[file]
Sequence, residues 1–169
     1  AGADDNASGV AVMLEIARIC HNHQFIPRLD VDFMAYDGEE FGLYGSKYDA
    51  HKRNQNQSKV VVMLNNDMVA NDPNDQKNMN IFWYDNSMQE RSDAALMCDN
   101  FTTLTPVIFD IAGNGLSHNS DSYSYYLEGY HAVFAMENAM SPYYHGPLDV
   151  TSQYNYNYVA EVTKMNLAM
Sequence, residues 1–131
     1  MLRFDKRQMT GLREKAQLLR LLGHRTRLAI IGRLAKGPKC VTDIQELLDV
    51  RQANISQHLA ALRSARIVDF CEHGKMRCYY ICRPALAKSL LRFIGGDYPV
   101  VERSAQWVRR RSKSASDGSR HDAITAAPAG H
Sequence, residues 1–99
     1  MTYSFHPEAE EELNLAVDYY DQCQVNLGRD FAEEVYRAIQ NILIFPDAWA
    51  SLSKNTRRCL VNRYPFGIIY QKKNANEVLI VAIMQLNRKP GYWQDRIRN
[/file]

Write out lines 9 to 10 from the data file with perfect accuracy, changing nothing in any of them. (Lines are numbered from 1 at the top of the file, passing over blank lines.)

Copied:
   101  VERSAQWVRR RSKSASDGSR HDAITAAPAG H
Sequence, residues 1–99